Usually you will find little difficulty in examining children after they reach school age. While some may have unpleasant memories of previous clinical encounters, most children will respond well when the examiner is attuned to their level of development.
Many children at this age are modest. It is wise to provide gowns and to leave underwear in place until removal is required. It is also helpful to have children disrobe behind a curtain. Consider leaving the room when the children change with parents' help. Some children may prefer that siblings of the opposite sex depart, but most prefer to have a parent of either sex remain in the room, and parents of children under 11 years should remain with them. The order of the examination now begins to follow that used for adults. As at any age, examine painful areas last, and forewarn children about areas you are going to examine. If a child resists part of the examination, you can return to it at the end.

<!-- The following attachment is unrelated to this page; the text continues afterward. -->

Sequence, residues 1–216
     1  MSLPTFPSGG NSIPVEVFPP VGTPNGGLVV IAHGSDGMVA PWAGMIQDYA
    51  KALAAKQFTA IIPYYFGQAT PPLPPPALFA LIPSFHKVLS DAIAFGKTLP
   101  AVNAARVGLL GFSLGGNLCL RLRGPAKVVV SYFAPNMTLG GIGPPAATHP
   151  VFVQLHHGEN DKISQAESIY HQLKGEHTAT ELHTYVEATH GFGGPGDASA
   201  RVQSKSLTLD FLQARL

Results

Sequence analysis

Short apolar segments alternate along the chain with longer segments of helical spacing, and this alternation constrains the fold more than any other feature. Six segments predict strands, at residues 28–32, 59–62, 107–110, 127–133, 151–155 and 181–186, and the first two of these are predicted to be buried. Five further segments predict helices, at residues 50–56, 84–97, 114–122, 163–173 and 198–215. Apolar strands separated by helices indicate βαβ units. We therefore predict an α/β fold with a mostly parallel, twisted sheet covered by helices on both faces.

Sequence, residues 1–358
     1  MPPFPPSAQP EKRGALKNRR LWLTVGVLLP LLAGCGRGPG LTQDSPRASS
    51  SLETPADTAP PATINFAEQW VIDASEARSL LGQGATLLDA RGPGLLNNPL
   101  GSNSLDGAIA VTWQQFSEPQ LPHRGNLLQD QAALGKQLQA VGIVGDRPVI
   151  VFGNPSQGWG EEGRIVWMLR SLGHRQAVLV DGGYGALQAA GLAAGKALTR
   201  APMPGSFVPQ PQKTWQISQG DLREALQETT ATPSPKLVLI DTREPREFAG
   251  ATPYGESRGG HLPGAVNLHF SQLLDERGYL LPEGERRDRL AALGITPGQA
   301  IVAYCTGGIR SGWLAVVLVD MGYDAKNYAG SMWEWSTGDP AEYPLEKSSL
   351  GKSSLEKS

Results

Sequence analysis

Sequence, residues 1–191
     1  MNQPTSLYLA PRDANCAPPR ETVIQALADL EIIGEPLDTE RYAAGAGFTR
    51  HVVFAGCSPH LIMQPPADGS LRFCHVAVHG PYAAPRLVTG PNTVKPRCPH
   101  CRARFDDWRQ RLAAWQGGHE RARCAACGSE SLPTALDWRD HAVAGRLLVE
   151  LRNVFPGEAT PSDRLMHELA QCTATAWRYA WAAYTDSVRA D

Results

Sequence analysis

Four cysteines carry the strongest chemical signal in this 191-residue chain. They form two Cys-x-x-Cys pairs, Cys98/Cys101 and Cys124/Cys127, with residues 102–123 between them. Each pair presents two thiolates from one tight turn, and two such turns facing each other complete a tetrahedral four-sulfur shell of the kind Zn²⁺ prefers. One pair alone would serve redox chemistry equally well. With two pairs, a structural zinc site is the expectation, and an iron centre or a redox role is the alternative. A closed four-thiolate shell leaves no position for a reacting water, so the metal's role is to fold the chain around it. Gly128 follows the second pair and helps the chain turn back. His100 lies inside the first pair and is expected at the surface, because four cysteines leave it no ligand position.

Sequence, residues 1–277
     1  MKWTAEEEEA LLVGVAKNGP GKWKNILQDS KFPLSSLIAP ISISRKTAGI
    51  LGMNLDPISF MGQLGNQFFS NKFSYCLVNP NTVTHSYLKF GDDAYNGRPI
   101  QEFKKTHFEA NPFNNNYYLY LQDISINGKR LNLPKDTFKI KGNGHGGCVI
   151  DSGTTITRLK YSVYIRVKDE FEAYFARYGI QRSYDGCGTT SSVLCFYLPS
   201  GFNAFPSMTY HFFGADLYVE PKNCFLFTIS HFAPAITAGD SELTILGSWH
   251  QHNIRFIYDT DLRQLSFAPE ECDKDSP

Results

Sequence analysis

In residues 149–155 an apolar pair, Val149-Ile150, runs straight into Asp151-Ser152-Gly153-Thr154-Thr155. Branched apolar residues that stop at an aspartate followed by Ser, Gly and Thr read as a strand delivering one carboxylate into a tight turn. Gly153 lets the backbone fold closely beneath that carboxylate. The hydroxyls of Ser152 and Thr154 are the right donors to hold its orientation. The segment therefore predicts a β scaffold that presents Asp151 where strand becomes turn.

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If you suffer with asthma, you will no doubt be familiar with the uncomfortable sensations as your bronchial tubes begin to narrow and your muscles around them start to tighten. A sticky mucus known as phlegm begins to produce and increase within your bronchial tubes and you begin to wheeze, cough and struggle to breathe.